STAMFORD, Conn. – General Electric Co. said Friday fourth-quarter profits fell 46 percent as the industrial products, financial services and media giant absorbed nearly $3 billion in losses selling most of its insurance business. While the earnings results met expectations, revenue for the quarter was below what analysts expected. GE shares fell $1.31, or 3.8 percent, to close at $33.37 on the New York Stock Exchange. They have traded in a 52-week range of $32.66 to $34.36. GE said the sale of the volatile insurance business last year and growth in developing markets would help boost the bottom line. The Fairfield-based conglomerate predicted strong profits this year. Total revenue climbed 3 percent to $40.7 billion in the latest quarter from $39.7 billion a year ago. The revenue was about $1 billion less than expected due to fewer asset sales, changes in foreign exchanges and lower plastic volume in the plastics business, company officials said. GE sold most of its insurance unit last year to Swiss Reinsurance Co. for $6.8 billion in cash and stock. The sale completed a strategy to leave a troublesome segment and redeploy cash to investors and faster-growing businesses. During the quarter, NBC Universal was the only segment that did not achieve profit growth of more than 10 percent. NBC had profits of $801 million, down 7 percent from a year ago, as the premiere of the film “King Kong” generated more than $500 million in global box office receipts while the network has coped with the loss of popular television shows in recent years. Profits jumped 25 percent to $769 million in the industrial business, while consumer finance earnings increased 21 percent to $770 million and commercial finance increased 18 percent to $1.28 billion. Infrastructure increased 16 percent to $2.4 billion and health care increased 16 percent to $995 million. Much of the growth is taking place around the world as GE boosts its business in developing countries. During the quarter GE acquired a majority interest in the oldest savings bank in the Philippines, announced the construction of the first desalination plant in Mexico, and reached a deal to sell 300 locomotives in China. GE said it expects earnings per share of $1.94 to $2.02 this year, up 13 percent to 17 percent and a boost of 2 cents on the bottom end from its previous forecast. The consensus of analysts surveyed by Thomson Financial is for earnings of $1.98 per share. “We think a driver for the stock would have been a more aggressive outlook going into ’06,” said Robert Schenosky, an industrial analyst with Jefferies & Co. For the year, GE reported net income of $16.4 billion, or $1.54 per share, compared with $16.8 billion, or $1.61 per share, in 2004. Revenue rose to $149.7 billion from $134.5 billion a year ago. GE officials declined to comment on a report in The Wall Street Journal Friday that GE has joined with Japan’s Hitachi Ltd. to make a bid for nuclear-technology company Westinghouse Electric Co. 160Want local news?Sign up for the Localist and stay informed Something went wrong. Please try again.subscribeCongratulations! You’re all set! AD Quality Auto 360p 720p 1080p Top articles1/5READ MORESanta Anita opens winter meet Saturday with loaded card “We think we’re on track for an excellent year in 2006,” GE Chairman and Chief Executive Jeff Immelt said during a conference call with analysts. Brian Langenberg, managing director of Foresight Research Solutions in Oak Park, Ill., said he is optimistic about GE’s prospects this year, adding that the company is in the right markets and will no longer have to deal with the troublesome insurance business. “It was boring,” said Langenberg of the fourth-quarter results. “People wanted to be overwhelmed on the upside.” The company said net income was $3.06 billion, or 29 cents a share, for the three months ended Dec. 31, compared with $5.6 billion, or 53 cents per share, a year ago. The results reflected a net loss of $2.7 billion from its discontinued insurance operations. Excluding that, GE’s earnings per share matched the 55 cents expected by analysts surveyed by Thomson Financial.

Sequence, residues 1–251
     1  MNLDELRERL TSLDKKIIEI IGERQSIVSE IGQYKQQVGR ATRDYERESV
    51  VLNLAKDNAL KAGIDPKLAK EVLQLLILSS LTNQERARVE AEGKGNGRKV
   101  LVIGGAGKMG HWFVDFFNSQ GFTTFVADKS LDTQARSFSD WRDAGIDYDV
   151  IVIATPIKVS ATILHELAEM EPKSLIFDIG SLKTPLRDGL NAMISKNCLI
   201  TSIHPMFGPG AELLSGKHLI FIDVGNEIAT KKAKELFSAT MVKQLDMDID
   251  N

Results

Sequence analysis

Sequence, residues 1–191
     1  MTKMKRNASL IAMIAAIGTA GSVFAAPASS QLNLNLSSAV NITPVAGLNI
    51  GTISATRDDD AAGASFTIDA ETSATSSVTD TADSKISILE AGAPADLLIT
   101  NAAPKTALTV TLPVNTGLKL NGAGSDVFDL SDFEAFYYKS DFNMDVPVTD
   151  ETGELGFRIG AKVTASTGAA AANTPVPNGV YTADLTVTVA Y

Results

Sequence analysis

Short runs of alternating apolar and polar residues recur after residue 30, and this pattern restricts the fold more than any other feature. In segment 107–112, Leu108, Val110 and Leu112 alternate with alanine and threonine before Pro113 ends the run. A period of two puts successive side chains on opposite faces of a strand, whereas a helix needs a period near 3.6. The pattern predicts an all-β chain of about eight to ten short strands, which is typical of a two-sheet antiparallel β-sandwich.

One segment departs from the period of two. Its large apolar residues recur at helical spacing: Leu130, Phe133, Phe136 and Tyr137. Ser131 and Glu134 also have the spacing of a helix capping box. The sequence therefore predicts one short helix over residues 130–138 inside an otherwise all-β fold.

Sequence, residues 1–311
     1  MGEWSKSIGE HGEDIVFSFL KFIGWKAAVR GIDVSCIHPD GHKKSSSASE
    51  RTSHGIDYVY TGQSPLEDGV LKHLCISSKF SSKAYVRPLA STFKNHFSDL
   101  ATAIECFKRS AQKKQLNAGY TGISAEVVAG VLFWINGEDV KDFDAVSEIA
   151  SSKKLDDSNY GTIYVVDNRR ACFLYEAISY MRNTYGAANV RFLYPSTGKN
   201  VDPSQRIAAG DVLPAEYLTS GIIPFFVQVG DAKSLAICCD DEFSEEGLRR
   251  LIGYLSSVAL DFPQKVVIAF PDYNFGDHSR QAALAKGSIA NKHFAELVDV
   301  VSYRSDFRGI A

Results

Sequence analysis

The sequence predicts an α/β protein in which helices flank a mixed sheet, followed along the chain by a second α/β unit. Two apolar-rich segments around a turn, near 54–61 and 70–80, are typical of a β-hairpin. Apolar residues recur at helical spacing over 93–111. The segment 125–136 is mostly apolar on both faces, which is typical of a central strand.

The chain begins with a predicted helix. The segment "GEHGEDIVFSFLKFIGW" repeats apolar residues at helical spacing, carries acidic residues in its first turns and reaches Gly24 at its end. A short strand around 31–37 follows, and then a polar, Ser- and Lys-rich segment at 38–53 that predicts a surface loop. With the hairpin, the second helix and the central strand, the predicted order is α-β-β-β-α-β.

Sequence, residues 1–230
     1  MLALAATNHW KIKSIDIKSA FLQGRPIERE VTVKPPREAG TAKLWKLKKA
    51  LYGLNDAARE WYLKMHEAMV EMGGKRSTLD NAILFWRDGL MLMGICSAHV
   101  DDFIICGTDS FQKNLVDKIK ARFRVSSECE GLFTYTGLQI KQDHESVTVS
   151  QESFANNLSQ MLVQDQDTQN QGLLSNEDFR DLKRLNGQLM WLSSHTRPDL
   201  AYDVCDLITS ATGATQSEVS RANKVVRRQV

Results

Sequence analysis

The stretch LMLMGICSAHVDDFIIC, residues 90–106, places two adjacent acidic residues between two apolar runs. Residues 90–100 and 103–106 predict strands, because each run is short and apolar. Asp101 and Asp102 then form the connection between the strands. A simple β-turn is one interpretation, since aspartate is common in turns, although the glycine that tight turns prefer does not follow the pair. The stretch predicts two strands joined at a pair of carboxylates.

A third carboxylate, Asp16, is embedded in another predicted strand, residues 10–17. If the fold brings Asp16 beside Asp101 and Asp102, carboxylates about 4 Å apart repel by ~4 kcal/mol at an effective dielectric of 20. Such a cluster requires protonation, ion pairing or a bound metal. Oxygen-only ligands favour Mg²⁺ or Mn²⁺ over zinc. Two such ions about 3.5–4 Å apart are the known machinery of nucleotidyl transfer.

GREAT NEWS He was expected to return for training at the beginning of August, but failed to do so, with the former Chelsea player only showing up to join Jack Ross’ side last week.However, Donald, the club’s owner, has revealed Djilobodji did not stick to the regimen outlined by Sunderland to ensure he stayed fit throughout the summer, meaning he is not at the level required to play competitive football.Djilobodji failed to show up at training the next day despite being ordered to report for fitness drills, and Donald doubts whether the 29-year-old will be fit to play for the Black Cats before the transfer window reopens in January.Speaking to Jim White on talkSPORT, Donald said: “The reality is that they [Djilobodji and Ndong] were supposed to report back in training in July, but they made no secret of the fact they wanted to find other clubs.“We gave Papy Djilobodji permission to not be with us in July, when he said he wouldn’t turn up if we didn’t pay him, so he could find another club. We gave him some guidelines to keep himself fit to make sure he was up with the pre-season standards, but he didn’t turn up in August whilst looking for a move, and with the transfer window shutting neither player managed to find a club. Cardiff and Preston play out stalemate in Championship early kick-off Stewart Donald believes Sunderland should not be forced to continue paying Papy Djilobodji and Didier Ndong after accusing the pair of breaching their contracts with the Wearside club.Ndong, the midfielder, has not returned to Sunderland since pre-season began in July, while defender Djilobodji reported back after being granted extra leave over the summer to try and engineer a transfer. stalemate Latest EFL news Every Championship club’s best signing of the decade, including Taarabt and Dack impact REPLY EFL result Bannan penalty helps Sheffield Wednesday strengthen grip on play-off place goalless 2 ROUND-UP No one at Sunderland even knows where Ndong is right now CONFUSION Macclesfield set for further EFL sanctions after Plymouth match is called off Hull defender MacDonald given all-clear after battle with bowel cancer “Papy has returned but in his last conversation said ‘you’ll never see me in Sunderland again’.“So I don’t think either of the two players wants to be here anyway.“The question is, of course, what can they get out the football club? It’s all very well saying they don’t want to be here, but I’m sure the legal advice will say we’ve done something wrong and the players would return etc…“We will see where that goes.“But our view of it is we have done nothing wrong; we haven’t asked them not to turn up, we haven’t asked them to be unfit, we’ve honoured their contracts to point at which they are not breaching it, and to the point they’ve breached it we’ve said ‘enough is enough’.“Just because they now can’t move, we don’t think they behaved well enough for us to turn around and say ‘all right, come back and we’ll pay you’. Never mind play them, because neither of them are in condition to play.” Strugglers Wigan hold Blackburn to goalless draw in Championship Orient chief gives update on manager search after ‘unfortunate’ Fletcher sacking “There’s an obligation on you as a player to turn up in a condition in which you can play football, and the reality of it is that I would probably have beaten his stats when he returned. He was unfortunately way off what everyone else in pre-season turned up in, and then his commitment to us from there was, in the very next training session to get himself fit, he didn’t turn up.“When you’ve not turned up for 72 days and missed eight games of the season, and you come up in a condition which means you’ll probably miss the next 12 games, I think that sort of says you’re not really committed to the contract you’ve got.“That’s the view we’ve taken, but I don’t think the player obviously agrees with that so he will argue his case.“I’m not entirely sure what that case is though.”Donald believes the players’ refusal to honour the obligations written in their contracts means that they are in breach of a legal document – which means Sunderland should not have to continue paying them a wage.He continued: “I think for them to expect us to pay them, when they’ve said they don’t want to be here, when they’re in breach of contract, when they don’t want to turn up…“But then they come back, but they don’t come back in a condition in which they can play football, buy say ‘you can pay us’.“If there’s a rinky-dink somewhere in the law that says we’re obliged to pay them, I don’t think that should be the case. Any right-minded human being would say they have continually breached their contracts and Sunderland should not be paying for that.”While Donald is certain enough has been done by Djilobodji and Ndong to dock the duo’s pay, the Sunderland owner remains unclear on the question of whether they have breached their contracts.“I’m certain we are allowed to fine them for their behaviour, but the question is whether they have done enough to be in breach of their contracts to terminate their contracts and pursue them for wilfully devaluing themselves. That is the question.“But the bottom line is, Didier Ndong has shown no interest in returning to the football club whatsoever – we don’t even know where he is. Djilobodji reported back for training more than a month after he was told to 2 Berahino hits back at b******t Johnson criticism – ‘I was in a dark place at Stoke’ ‘close’ Leeds lose at Fulham, West Brom held, Charlton’s winless run continues